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5 exercises you can do to start the New Year financially strong

Have you set some fitness goals to aim for in the New Year?

Many of us consider the turning of the year a ‘reset’. We almost believe we can flick a switch overnight and finally be the person we’ve always wanted to be.

Not to put a dampener on things, but changing habits doesn’t quite happen like that. To make lasting changes, you have to build a strong foundation. One habit on top of another habit, on top of another.

The same is true for our finances. We won’t “get rich” or even “feel secure” next year if we don’t regularly do some key financial exercises.

Here are the basics to put in place first so you can keep pumping up your bank balance as the year progresses.

1. Build your emergency fund

Think of your emergency fund as perfecting a basic push-up. Having some money set aside that is easily accessible and covers you for life’s unexpected expenses is the first thing you need to master

The general rule of thumb is that your emergency fund should cover at least three months’ worth of regular expenses, preferably six months’ worth.

If you don’t have an emergency fund already, you need to start setting money aside each month to grow one. If you worry that will take too long, consider earning your fund by selling some of your things – books, unused camping equipment, clothing and trinkets all sell well on places like Gumtree, eBay or Facebook Marketplace.

Once you’ve got the basics in place, keep putting in extra each month until you have a bigger pool of emergency funds to draw from.

2. Complete the insurance policy comparison circuit

Insurance is a necessary annual expense, but that doesn’t mean you should just roll over your existing policy and call it a day.

There are huge savings to be made by shopping around and comparing your current policy with what’s on offer in the market, so do some comparison circuit training.

Head to a website like Canstar, Finder or RateCity and plug in your details. Play around with things like your excess (increasing it reduces your annual premium), your level of cover (to reduce premiums, find a balance between fully protecting assets and cutting unnecessary features) and bundling your policies (many insurers offer a discount if you have more than one policy with them).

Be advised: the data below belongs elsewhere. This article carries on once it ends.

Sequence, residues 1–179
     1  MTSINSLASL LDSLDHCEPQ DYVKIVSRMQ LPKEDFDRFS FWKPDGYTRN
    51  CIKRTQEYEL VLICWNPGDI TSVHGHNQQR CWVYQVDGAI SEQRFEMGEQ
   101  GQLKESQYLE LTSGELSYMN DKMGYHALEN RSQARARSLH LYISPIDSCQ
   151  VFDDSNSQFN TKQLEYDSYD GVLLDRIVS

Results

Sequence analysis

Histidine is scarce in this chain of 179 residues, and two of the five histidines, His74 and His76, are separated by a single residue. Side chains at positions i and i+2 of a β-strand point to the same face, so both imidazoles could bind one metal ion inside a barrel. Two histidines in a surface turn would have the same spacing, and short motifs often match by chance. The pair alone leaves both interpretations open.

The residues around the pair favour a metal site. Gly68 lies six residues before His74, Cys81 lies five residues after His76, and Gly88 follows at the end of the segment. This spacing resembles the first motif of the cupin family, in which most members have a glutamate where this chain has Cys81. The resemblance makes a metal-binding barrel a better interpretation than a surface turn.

Once you’ve found a good deal, the next thing you need to do is get in touch with your current provider to let them know you’re planning to move your business. With a bit of luck, they’ll match your new deal. If not, follow through on your hard work and move to a new provider.

3. Stretch your investments 

One thing that’s a given in any asset market is that things change regularly.

To ensure your investment portfolio still matches your goals and your risk comfort-level, give it a good stretch.

  • Review your asset allocation – check the long-term investing outlook to ensure it still matches your objectives.
  • Check your diversification percentages – as the market changes, so can the way your money is spread across asset classes.
  • Rebalance your portfolio – sell down some investments and buy others to adjust your portfolio proportions. Remember that selling investments could generate a capital gains bill, so consider the tax implications before implementing a strategy. 

4. Jump over your automation gaps 

As this list shows, caring for your finances takes work; but you can make it easier on yourself if you automate as much as possible. That means you’ll do things like: 

Use a budgeting app – an app like Frollo or WeMoney will help you establish a rock-solid budget and keep on top of it.

Have more than one account – to help save towards things you want, set up a series of savings accounts in addition to your regular transaction account. You might have a ‘holiday’ or ‘new car’ account that you automatically transfer money to on a regular basis.

Autopay bills and loans – remembering to pay bills is a stress you don’t need in your life. Instead, put them all on direct debit or regular BPAY to ‘set and forget’. The only thing you need to ensure is that there is enough money in your transaction account to cover all expected bills each month. It’s a good idea to keep your emergency fund in the same account to act as a cushion.

Set up an automatic investment plan – one of the best ways to invest is through dollar-cost averaging, which means you invest each month regardless of what the market is doing. Talk to your broker or financial adviser about setting something up, then forget about it.

5. Heavy lift your property

For most people, home is the most valuable asset you’ll ever own, so it makes sense to keep it in tip-top shape. That means getting onto all those pesky maintenance tasks you’ve been putting off all year. Clear the gutters, plug the gaps, wash away the grime and let the sunshine in. 

This is doubly true if you happen to own one or more investment properties. Take care of the asset that takes care of you and you’ll also ensure your tenants are cared for, too.